So far, we have achieved the Silver Award for Women in Science from Athena SWAN, the global framework to improve gender equality within higher education.
Our Race Ethnicity and Cultural Heritage forum and Race equality: Beyond the statements working group are leading conversations and work to build a more representative ICR – from increasing diversity and representation across our senior leadership, to improving our recruitment processes.
Our joint ICR and The Royal Marsden Disabilities Network seeks feedback to continue to improve the provisions and adjustments we make for staff and students with disabilities.
Sustainable laboratory practices
Image: Two UN Sustainable Development Goals we have adopted as a framework to make our laboratory practices more sustainable: Responsible consumption and production, Climate action
Efficiency and waste minimisation are key to running a sustainable laboratory, and we are exploring ways that we can embed sustainable lab practices across the ICR to use resources more effectively.
Part of this is about reducing our energy consumption, which is a behavioural challenge as much as a technical one: switching off devices when not in use and storing samples at the appropriate temperature can make a big difference.
We have already highlighted how researchers in our new Centre for Cancer Drug Discovery are helping to reduce waste and lower their carbon footprint, including taking part in My Green Lab’s Freezer Challenge in 2022, which champions best practice in cold storage management – particularly with energy-consuming ultralow temperature freezers.
As with most universities and research institutions, the majority of our carbon footprint is in our supply chain. We will be closely examining what lab consumables and equipment come into the organisation, to reduce over-ordering, minimise waste and make more sustainable choices for our labs.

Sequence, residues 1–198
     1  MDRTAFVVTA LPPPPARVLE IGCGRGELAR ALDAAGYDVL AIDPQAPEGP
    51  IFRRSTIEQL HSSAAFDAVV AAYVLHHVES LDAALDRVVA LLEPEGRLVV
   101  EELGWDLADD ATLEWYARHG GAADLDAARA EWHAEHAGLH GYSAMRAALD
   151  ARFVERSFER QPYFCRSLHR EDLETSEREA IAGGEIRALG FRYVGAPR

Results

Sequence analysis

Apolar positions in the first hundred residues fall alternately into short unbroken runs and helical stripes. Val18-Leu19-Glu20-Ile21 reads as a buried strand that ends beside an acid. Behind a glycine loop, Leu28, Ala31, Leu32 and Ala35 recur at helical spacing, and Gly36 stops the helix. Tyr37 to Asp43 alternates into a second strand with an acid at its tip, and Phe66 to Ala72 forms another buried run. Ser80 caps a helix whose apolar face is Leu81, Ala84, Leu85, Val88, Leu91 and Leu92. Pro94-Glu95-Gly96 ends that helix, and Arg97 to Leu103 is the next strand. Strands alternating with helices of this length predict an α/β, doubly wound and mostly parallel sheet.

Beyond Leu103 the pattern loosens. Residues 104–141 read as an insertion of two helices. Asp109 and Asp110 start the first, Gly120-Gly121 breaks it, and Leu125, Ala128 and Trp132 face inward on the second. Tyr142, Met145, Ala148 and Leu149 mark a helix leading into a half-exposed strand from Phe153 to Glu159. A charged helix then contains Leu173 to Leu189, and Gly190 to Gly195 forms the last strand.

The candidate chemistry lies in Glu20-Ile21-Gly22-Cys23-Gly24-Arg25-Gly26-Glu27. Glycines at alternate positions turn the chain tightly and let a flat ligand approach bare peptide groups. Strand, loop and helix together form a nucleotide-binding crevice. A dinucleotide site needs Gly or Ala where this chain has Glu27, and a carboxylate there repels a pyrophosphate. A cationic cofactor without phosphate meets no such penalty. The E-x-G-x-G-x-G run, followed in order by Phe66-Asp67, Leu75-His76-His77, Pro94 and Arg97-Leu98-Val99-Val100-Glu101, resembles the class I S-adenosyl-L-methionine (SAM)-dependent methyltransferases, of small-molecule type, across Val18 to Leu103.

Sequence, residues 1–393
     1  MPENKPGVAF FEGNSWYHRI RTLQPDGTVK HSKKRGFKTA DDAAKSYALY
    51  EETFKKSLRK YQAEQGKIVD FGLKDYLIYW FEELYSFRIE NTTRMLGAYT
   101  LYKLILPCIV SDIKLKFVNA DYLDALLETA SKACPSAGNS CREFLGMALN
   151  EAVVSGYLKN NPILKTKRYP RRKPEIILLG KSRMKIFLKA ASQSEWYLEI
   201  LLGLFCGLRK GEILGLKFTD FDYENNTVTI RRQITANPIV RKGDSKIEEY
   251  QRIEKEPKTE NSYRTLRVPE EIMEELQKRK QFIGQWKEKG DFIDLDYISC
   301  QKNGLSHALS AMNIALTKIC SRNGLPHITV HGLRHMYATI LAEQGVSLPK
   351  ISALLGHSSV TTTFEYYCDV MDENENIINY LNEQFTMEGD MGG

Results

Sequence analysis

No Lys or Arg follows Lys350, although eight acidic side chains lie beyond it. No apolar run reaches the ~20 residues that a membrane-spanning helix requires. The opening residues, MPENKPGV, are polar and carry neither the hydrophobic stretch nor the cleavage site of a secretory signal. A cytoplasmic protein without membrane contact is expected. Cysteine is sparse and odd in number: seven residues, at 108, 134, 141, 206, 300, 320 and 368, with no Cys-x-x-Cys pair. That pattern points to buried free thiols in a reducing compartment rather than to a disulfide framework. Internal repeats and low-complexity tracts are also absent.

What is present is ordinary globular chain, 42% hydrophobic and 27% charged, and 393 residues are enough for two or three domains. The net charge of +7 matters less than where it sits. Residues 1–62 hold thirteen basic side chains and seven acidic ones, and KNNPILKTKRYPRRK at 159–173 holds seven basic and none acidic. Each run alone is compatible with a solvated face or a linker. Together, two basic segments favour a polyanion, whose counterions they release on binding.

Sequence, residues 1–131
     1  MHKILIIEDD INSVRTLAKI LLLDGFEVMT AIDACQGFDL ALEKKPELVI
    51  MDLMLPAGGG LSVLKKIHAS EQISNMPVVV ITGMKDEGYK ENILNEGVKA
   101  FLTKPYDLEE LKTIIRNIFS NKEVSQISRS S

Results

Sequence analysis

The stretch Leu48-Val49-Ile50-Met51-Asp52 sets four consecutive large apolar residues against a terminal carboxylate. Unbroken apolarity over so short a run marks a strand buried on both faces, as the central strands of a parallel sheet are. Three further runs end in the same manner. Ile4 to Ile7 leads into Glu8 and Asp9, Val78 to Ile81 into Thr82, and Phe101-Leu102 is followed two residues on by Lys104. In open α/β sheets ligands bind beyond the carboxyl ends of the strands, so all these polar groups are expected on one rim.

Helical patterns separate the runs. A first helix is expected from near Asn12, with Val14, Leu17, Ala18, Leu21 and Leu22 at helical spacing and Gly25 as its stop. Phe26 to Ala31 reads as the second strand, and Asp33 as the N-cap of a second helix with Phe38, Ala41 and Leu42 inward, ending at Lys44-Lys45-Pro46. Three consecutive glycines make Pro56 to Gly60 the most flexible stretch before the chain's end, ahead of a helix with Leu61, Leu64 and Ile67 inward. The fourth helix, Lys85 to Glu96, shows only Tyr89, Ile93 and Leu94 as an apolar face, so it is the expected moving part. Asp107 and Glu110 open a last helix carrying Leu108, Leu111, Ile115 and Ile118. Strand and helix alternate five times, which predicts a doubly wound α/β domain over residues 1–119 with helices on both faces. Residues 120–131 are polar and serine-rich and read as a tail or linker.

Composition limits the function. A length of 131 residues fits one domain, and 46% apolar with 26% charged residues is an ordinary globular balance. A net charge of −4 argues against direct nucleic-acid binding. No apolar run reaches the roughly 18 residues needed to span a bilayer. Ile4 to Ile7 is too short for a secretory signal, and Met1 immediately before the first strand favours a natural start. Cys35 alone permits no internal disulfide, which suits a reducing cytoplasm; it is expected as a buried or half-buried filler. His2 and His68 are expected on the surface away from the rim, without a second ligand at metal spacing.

As well as looking for efficiency improvements, we want to embed sustainability across our whole supply chain, starting off by evaluating our procurement processes against ISO 20400 – the international standard for sustainable procurement. We’re alert to industry developments, and supplier innovations that bring us closer to sustainable systems.
We are also offering all staff the option to undertake a training course in sustainability fundamentals, accredited by IEMA (the Institute of Environmental Management and Assessment).
And we look forward to spotlighting sustainability at the ICR during our Scientific Officers Technical conference in November, where researchers across the organisation will be hearing about the latest developments in sustainability from our suppliers, and given the opportunity to workshop sustainability improvements from the ICR.
Our new Chief Executive Professor Kristian Helin is clear on the importance of this work:
“As a world-leading research organisation it is critical that we face up to climate change, the single greatest threat to global health. We know that cancer research is currently a highly carbon-intensive activity, and we are prioritising addressing the environmental impact of our vital work to assure its long-term future. We are a pioneering and highly innovative organisation, and can play a leading role in crafting a more sustainable future for our research.”